Castlevania: RoB is what you can expect from its prior offerings. Unlikes SotN it is nice to have an option to see on owning this title digital to play on the big screen when the only legal options available to gamers is to either export a pricy copy of the game for the Turbo Duo (along with the system), get the game in the PSP Dracula X Chronicles UMD and a component out cable or have the game already purchased off the Wii’s Virtual Console before they removed the ability to add Wii Points and its eventual shutdown. Given that this game is considered one of the last great classic Castlevania side scrolling titles before the series went all “metroidvania”, it’s nice to have another option in owning this for myself given that the PSP’s TV output can only go so big on my 60” HDTV and who knows how long my Wii U will last before it dies.

For me the game plays just like my prior digital offerings of RoB. The German opening is the same, the translation from the PSP version is just as I expected and I still find it easier to play the game as a little girl than as the greatest Belmont of all time. I’ve always wanted to play this game when I saw it was coming out in Japan in one of my copies of EGM back in the day. Even playing the SNES Dracula X version wasn’t the same as wanting to experience that powerhouse of a game that was on those fancy CD playing game machines I’d never get to own even to this day. It’s nice to play this title on a PS4 controller this go around since my Wii U now has a new home on my Family GameRig and despite the convenience of having a portable version of RoB to take with me, there’s nothing like playing this game on a big screen TV, even if the aspect ratio is presented faithfully at 4:3 resolution. Everything I’ve said about the version of SotN above fits in right here with RoB: only diehards may noticed the slight differences in visuals and sounds but for me it wasn’t enough to make me think these were completely different games from the original.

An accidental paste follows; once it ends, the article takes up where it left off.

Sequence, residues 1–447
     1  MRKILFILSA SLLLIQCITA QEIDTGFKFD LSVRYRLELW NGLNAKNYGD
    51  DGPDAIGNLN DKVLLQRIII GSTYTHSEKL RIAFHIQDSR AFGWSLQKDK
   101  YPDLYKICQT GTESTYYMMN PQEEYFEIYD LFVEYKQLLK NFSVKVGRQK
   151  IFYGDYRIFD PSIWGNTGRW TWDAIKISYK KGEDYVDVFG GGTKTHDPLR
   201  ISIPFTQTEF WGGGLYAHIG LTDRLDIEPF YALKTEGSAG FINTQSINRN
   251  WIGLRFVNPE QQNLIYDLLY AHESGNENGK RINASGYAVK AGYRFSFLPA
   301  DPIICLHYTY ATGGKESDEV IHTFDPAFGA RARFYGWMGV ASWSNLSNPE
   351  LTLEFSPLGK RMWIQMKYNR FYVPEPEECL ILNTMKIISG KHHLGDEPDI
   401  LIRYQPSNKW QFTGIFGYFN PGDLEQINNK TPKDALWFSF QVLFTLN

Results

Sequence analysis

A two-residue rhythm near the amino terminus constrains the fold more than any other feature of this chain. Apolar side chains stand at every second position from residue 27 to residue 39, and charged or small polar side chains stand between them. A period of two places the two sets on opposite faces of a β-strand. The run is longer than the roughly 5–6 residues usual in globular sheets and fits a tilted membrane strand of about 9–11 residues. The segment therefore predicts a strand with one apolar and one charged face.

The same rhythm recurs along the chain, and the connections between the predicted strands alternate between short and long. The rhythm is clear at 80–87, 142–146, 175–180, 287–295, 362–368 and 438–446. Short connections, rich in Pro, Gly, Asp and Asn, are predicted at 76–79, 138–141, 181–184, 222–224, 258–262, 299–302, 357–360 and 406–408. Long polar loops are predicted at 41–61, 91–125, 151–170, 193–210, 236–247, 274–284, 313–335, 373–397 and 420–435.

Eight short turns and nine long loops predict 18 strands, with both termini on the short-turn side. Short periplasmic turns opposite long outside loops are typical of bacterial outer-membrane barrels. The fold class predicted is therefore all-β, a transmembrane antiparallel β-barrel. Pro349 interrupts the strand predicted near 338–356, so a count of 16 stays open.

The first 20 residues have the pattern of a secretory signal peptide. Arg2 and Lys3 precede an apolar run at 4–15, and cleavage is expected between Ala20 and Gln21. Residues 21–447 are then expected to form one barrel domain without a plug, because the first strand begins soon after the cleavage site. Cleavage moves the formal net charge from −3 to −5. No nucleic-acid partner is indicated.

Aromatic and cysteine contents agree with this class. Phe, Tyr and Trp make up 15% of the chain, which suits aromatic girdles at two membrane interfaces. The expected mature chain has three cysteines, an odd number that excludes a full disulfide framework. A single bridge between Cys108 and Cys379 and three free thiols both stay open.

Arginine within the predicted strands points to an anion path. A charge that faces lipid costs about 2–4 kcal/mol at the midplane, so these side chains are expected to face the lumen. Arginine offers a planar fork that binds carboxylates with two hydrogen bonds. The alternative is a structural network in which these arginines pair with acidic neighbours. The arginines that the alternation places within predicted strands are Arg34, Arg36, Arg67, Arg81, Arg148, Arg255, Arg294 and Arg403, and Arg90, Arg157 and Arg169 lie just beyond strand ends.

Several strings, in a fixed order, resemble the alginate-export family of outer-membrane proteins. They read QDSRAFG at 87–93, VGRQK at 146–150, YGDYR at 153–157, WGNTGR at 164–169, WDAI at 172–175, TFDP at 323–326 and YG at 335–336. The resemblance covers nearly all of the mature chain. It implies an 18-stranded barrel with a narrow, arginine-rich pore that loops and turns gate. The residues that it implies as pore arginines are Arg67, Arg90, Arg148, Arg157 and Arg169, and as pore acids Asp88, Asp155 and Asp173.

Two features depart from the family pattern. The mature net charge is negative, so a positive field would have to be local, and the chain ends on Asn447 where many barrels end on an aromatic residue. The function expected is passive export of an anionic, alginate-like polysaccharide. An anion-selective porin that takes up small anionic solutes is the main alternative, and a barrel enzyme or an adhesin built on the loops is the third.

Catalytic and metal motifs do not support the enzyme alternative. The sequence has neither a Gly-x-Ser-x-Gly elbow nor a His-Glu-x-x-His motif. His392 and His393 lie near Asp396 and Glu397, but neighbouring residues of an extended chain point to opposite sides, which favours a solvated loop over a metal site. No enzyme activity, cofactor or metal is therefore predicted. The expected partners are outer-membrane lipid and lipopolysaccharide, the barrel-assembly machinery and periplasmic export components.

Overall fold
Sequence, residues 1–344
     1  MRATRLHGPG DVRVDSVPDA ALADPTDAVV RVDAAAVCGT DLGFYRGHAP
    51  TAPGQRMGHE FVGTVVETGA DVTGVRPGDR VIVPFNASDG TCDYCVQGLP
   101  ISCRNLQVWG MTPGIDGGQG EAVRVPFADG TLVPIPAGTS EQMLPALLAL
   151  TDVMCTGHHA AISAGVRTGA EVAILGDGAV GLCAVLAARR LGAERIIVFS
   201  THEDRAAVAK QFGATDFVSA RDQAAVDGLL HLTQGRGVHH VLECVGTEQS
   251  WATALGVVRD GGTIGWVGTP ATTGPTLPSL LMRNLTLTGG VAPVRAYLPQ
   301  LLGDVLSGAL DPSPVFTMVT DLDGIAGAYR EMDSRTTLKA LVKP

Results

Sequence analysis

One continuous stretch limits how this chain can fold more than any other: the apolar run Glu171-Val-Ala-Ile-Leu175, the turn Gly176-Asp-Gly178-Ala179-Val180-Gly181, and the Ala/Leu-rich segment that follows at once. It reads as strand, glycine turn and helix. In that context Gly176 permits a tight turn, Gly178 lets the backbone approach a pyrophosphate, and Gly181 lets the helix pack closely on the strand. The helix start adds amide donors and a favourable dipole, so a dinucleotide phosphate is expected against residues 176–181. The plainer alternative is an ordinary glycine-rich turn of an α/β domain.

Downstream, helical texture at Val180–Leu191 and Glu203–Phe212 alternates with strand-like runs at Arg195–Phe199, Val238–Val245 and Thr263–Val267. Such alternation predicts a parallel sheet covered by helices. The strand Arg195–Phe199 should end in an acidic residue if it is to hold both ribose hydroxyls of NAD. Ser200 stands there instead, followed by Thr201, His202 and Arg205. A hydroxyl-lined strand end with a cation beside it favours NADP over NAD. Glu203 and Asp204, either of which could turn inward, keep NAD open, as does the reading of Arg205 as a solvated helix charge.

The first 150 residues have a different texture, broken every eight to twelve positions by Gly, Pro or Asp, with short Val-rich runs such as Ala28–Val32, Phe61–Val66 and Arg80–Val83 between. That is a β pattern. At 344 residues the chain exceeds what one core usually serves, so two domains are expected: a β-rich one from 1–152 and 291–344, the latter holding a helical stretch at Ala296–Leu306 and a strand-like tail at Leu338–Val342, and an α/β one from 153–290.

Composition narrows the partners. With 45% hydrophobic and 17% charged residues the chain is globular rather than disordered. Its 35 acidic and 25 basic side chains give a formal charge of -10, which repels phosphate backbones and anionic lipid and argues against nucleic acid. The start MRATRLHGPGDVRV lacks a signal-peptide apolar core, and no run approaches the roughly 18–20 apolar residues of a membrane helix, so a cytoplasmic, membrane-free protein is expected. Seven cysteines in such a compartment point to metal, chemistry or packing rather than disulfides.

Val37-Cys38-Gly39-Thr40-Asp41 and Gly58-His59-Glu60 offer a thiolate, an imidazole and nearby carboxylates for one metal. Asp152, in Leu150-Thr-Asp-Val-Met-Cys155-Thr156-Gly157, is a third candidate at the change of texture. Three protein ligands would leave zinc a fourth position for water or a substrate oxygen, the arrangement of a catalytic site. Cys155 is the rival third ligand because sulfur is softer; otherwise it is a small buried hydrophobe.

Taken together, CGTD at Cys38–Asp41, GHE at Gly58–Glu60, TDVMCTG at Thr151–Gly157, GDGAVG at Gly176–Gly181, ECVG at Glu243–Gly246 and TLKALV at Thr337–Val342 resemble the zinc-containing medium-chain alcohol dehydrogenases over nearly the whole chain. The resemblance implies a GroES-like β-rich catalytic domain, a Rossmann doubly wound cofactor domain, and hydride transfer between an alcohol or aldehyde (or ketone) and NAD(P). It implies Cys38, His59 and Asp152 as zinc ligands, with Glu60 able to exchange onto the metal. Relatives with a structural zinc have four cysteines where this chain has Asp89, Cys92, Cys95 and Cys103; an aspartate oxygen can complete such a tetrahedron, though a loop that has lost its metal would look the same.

Aside from what I’ve mentioned above there really isn’t anything major offered to justify a purchase of this game unless you just have to have every single version out there for some insane reason? I mean what crazy would buy this game again when they have over 8 different ways to play this game. I mean who in their right mind would spend $20 on a digital download of titles that have been offered physically in the past or even own physically right now. What moron would do that? Tell me who? Who? WHOOO?